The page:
It's beginning to look a lot like a multicultural Christmas

It's beginning to look a lot like a multicultural Christmas

Update: As one twitter reader pointed out, Saint Nicholas is not Christmas.

In these stories, the Muslims are just stand-ins.


In the Netherlands, the Christian Democratic party (CDA) is upset that municipalities are removing the Christian cross from Sinterklaas (Saint Nicholas), in order to make him 'multi-ethnic' and a 'universal figure'.

The CDA turned to the ministers of internal affairs and culture. "there is no reason to scrupulously hide the Christian origins of Saint Nicholas," according to parliament member Koppejan. "We think it's great that there are ethnic groups in Dutch society who come up with their own holidays, customs and religions, but that shouldn't mean that the Christan origin of our own holidays should be renounced."

Raymond Borsboom, one of the organizers of the Saint Nicholas festivities, says that this has nothing to do with Christianity. In 2006 Saint Nicholas got a makeover, and the designer chose the coat of arms of Amsterdam (three Saint Andrew's crosses). In West-Amsterdam, Saint Nicholas visits the schools without a cross.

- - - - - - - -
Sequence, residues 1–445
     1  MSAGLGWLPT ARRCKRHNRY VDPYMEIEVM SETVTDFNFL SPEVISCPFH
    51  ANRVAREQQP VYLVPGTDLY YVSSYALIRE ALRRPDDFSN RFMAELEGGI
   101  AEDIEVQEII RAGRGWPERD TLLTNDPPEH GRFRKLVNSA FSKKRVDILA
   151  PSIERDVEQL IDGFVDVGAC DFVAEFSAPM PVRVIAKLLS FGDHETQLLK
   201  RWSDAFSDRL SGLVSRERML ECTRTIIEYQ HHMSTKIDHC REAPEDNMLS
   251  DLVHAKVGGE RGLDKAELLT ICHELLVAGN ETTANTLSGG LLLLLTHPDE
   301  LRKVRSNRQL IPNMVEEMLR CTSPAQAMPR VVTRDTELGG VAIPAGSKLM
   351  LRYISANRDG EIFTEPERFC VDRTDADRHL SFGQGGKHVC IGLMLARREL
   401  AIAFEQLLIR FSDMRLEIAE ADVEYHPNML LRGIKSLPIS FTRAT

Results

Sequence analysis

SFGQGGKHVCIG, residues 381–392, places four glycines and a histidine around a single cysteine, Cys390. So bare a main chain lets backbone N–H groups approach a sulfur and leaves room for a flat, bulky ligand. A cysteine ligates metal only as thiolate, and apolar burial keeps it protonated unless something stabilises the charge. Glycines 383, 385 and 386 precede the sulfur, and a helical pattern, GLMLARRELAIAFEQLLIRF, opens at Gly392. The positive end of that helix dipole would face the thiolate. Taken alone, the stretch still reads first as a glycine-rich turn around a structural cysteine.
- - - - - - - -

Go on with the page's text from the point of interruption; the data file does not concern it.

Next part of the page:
In the official national festivities, Saint Nicholas does appear with a cross.


In Belgium, there was an attempt to protest against the 'cross-less' Saint Nicholas. "A real Saint is one with a miter AND a cross," according to Marc Belens, one of the parents who protested. "We're a group of about 250 parents and grandparents, and began to act when a kid told us that Saint wasn't real because there was no cross on his miter."

The plans for the protest made the news, but in practice, not many showed up.

Last year the Alderman for Education in Antwerp decided that Saint Nicholas may not enter public schools with a cross, since the holiday should be 'religion-neutral'. The alderman later recanted (Antwerp: Sinterklaas may wear cross), but if schools do allow the cross in, teachers may not talk about its meaning, unless it's within the context of religion-class.


In Norway, the national broadcaster NRK, decided that Bible stories are inappropriate for small children. Therefore they will not be showing the Danish pre-Christmas show "Jesus & Josefine". NRK says there are violent scenes in the show which are inappropriate for small children, but they do not intend to make their own Jesus show. "We live in a multicultural society, so a whole pre-Christmas show on Jesus won't be relevant. We wish to include those who have other religions," says Ingrid Hafstad, head of the Children's Department at NRK.

Sources: Telegraaf; ND 1, 2; AD; Parool (Dutch); Kristeligt Dagblad (Danish)

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